Okay, I’ve been sneaking straight spoonfuls from the jam jar all week. Can’t help it really. This blueberry jam is addictively indulgent in small doses. It’s also a deep purple color that really shouldn’t exist in nature. I’m starting to think it shouldn’t exist in my fridge, either.
It’s definitely special: rich with a hint of spice and a blueberry flavor that’s deepened by balsamic vinegar. I’ve been finding excuses to have it all week. It’s pretty easy, see:
Soap scum on your shower curtain screaming, “clean the bathroom?” Have a procrastination spoonful. Lose at bingo? Have a B48 consolation spoonful. Looking for love in all the wrong places? Have a lonely hearts club spoonful. Out of whiskey? Have a drunkard’s spoonful.
I first made this jam with a friend a few weeks ago. It's now waiting, rather patiently, to be the wedding favor for her nuptials next year in Vermont. We took the recipe and times ten-ed it. (If you have 80 plus friends you plan on giving this jam to, go ahead, give yourself a spoonful.)
Did it take long to sterilize the jars and can the multiple jam batches? Yes. Was it worth it? Oh, yes.
So much so that I decided to make another batch, just for me. This time I divided the recipe in half and stuck most of it in the freezer. New England’s finest berries and a lot of love went into both batches, but—sweet heavens—it certainly helps when you can finish up and have the dishes washed in well under an hour.
While the blueberries in Massachusetts this season seem even better than usual, sadly summer is ... slowing. So it helps to know I already have a pint of jam stowed away in the freezer. Like a squirrel, I’ve started stockpiling frozen blueberries and other related goods for the colder months. I’m relying on them to get me through.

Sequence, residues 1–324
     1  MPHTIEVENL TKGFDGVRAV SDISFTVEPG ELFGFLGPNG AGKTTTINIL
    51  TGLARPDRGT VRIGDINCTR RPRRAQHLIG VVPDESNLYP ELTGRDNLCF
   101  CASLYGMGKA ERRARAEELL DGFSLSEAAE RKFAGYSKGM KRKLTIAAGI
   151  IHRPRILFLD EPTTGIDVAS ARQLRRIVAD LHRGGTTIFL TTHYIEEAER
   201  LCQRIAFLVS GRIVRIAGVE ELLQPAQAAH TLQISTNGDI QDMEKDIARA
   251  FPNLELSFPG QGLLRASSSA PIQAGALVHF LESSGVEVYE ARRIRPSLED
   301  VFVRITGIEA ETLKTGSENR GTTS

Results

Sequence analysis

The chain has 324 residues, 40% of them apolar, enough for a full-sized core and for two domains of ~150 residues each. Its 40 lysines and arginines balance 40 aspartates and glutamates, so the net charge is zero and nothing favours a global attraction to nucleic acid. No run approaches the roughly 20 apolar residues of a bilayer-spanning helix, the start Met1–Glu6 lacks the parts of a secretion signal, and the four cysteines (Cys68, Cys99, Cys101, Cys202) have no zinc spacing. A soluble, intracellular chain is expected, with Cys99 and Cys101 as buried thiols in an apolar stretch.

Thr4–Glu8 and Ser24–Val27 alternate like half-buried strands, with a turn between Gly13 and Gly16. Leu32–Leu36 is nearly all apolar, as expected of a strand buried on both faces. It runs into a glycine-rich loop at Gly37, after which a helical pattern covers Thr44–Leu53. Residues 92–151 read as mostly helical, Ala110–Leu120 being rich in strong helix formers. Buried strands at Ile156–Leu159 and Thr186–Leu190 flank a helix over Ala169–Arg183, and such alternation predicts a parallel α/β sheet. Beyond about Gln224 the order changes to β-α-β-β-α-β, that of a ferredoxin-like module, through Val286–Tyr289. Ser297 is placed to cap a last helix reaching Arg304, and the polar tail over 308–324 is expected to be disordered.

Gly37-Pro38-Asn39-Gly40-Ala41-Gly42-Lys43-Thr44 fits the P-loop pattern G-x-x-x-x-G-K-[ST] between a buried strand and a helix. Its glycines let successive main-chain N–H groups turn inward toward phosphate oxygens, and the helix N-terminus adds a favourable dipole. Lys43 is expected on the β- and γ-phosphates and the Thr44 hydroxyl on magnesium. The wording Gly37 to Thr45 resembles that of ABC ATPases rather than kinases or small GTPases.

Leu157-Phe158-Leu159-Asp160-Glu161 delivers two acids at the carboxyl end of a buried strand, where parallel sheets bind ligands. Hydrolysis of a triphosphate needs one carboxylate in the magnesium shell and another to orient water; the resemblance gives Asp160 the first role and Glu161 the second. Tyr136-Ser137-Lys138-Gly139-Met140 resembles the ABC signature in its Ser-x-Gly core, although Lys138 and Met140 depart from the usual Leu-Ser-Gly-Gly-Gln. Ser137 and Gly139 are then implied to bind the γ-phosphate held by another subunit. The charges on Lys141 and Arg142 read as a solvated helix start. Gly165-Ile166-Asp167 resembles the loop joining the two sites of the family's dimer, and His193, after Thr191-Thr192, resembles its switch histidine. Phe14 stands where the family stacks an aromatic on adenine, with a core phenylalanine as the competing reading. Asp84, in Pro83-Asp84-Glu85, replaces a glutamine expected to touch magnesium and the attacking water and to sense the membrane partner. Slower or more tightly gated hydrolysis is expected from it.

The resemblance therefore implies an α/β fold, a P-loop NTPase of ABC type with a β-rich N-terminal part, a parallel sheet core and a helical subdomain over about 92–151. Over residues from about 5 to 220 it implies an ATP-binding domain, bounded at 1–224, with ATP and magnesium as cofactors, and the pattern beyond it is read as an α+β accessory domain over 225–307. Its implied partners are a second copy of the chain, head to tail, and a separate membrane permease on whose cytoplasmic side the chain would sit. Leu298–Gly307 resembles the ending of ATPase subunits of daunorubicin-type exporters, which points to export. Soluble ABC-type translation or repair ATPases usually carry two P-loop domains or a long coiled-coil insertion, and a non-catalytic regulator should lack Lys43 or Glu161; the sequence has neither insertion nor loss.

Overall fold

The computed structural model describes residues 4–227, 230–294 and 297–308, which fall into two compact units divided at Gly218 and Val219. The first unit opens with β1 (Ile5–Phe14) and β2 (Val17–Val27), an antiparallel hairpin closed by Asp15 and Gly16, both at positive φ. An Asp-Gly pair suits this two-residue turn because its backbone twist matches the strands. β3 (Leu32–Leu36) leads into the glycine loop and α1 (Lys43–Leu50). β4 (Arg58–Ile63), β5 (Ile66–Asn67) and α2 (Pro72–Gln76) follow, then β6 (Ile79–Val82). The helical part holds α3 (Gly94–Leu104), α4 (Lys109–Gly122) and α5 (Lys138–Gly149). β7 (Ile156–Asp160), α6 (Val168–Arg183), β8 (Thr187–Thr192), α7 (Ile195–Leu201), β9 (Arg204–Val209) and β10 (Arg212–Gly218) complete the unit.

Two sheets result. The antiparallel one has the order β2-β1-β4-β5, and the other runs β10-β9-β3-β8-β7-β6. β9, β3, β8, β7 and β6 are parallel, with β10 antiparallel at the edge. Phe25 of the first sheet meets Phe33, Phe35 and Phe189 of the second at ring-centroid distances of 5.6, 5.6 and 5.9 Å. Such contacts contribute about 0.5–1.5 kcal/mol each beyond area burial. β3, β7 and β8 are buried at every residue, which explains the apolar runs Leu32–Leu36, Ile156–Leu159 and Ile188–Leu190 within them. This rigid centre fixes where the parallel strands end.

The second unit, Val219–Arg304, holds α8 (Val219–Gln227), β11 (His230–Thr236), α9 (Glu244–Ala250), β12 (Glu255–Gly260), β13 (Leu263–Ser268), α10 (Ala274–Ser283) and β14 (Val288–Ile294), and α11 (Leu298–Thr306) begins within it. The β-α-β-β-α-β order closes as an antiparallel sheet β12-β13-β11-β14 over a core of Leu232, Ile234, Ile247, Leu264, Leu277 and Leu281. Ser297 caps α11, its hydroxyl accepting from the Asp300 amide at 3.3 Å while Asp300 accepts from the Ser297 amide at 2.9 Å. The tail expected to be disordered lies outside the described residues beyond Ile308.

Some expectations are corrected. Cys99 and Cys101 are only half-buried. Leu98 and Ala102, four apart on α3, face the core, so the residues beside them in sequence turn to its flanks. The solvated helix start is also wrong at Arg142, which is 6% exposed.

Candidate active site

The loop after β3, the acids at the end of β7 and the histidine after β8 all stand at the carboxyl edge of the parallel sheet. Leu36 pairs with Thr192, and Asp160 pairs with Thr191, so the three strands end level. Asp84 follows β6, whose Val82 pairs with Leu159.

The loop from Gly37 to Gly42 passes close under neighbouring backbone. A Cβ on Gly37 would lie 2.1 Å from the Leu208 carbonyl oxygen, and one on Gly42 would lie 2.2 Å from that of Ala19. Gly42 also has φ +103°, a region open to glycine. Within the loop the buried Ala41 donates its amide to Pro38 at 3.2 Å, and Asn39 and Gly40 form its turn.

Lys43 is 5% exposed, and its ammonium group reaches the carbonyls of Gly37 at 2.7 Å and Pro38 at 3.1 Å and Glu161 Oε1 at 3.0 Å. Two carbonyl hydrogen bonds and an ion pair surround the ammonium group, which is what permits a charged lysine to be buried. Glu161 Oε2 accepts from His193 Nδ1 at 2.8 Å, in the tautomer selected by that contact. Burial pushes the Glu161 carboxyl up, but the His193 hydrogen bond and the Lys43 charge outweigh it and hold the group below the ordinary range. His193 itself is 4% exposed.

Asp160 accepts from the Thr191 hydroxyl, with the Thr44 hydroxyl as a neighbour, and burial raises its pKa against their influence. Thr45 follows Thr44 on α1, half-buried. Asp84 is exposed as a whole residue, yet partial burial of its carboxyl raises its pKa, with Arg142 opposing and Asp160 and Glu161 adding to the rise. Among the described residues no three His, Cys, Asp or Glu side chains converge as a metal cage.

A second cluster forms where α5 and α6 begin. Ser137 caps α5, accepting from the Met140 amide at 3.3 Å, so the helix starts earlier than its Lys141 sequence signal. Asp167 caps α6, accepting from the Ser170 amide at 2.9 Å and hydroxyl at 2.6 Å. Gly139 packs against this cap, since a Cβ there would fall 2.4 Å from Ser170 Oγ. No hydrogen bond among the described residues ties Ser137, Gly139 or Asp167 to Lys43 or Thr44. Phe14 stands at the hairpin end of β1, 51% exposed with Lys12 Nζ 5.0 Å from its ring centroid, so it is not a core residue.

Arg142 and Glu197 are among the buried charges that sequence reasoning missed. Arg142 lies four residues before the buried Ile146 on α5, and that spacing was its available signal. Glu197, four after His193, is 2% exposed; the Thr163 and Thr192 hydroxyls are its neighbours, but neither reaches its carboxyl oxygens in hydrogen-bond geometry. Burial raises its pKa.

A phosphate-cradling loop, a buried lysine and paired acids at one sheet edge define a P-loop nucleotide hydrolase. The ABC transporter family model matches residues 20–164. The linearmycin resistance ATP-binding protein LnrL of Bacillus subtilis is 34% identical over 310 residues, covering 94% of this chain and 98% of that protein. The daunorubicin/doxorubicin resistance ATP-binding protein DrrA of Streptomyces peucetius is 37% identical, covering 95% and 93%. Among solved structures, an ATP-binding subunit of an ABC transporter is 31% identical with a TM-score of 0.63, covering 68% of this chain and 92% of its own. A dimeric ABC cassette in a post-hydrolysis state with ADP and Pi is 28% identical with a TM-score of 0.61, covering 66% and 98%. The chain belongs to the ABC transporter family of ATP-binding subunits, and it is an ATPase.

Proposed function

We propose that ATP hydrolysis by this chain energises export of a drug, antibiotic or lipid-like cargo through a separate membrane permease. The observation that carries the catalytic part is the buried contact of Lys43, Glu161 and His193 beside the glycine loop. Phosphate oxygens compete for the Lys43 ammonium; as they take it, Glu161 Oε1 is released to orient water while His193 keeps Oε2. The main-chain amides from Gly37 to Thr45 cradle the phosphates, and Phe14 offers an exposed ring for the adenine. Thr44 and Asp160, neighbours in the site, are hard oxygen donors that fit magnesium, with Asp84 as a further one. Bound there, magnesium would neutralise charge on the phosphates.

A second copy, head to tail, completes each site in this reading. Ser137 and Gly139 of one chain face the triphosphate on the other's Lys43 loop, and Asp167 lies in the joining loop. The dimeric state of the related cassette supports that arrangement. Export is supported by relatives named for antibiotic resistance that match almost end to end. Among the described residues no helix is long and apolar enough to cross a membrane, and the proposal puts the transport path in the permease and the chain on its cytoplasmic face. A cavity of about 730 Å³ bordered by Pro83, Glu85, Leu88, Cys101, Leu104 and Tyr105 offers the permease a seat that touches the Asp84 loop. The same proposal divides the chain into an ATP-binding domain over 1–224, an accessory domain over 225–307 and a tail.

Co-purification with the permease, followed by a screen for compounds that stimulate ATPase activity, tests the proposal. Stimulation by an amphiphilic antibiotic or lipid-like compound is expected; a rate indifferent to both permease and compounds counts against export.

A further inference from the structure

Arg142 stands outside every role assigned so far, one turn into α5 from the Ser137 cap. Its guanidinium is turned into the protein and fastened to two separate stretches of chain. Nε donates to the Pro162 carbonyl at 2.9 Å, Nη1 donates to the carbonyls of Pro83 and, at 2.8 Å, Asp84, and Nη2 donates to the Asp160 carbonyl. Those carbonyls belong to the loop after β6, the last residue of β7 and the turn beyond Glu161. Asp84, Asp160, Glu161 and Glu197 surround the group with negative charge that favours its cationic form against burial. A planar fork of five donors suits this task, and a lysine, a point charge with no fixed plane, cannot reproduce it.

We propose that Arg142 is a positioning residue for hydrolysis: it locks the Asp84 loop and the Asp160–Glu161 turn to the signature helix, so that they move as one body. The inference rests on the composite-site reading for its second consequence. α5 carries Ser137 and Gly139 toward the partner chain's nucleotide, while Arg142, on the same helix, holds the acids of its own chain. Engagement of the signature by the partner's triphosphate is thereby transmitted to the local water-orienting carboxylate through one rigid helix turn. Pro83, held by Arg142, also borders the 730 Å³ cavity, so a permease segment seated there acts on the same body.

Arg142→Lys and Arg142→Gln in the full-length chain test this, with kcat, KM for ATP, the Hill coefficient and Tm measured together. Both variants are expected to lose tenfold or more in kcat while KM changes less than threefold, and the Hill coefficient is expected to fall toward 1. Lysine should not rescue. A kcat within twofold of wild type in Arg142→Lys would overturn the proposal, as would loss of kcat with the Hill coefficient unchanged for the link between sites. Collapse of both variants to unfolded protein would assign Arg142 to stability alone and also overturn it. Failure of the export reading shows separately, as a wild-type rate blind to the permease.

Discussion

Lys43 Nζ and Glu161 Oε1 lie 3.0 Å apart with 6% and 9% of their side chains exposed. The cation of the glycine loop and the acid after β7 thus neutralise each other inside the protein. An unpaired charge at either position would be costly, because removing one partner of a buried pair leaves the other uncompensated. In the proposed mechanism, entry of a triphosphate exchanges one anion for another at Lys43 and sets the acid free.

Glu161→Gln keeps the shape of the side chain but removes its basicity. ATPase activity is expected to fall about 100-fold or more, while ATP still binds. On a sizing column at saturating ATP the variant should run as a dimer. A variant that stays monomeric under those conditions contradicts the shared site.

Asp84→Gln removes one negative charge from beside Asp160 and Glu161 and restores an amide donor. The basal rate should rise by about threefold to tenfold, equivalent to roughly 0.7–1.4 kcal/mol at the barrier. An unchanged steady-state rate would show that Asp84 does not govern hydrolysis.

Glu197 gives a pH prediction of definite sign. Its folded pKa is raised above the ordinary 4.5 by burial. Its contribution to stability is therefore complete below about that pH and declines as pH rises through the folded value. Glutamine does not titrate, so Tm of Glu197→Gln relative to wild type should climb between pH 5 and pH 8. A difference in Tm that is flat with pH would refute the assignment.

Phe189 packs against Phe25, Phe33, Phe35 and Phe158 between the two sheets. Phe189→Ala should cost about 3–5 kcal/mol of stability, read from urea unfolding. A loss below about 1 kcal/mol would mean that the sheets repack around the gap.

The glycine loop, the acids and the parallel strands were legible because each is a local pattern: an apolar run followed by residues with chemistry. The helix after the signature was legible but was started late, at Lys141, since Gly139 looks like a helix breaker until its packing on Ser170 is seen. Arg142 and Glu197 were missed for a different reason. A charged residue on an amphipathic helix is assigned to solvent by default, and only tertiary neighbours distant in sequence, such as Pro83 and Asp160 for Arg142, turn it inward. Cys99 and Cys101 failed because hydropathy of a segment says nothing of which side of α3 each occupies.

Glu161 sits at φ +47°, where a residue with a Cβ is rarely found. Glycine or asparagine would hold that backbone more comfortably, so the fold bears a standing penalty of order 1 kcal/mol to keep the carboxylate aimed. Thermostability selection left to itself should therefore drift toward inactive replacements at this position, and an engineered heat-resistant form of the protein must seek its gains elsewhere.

So if I say all I need to get by is this recipe, am I a little full of it? Yes. But at least some of it is blueberry jam. I guess you could say I’m full of New England’s finest.
There comes a time in life when roles reverse and you start feeling proud of your parents. For me this happened about a month or so ago, when my mother and I took a mini retreat to New York City for her birthday. The whole trip was spot on.
We arrived for happy hour at precisely 5:29 pm at The Mermaid Inn in the East Village. (To sweeten the deal, they also serve tiny espresso cups of chocolate pudding with your check.) We ate soft shell crab sandwiches at The Dutch. We stayed at the fancy pants Mondrian hotel in Soho. And we had one of the best meals of our lives at Torrisi Italian Specialties.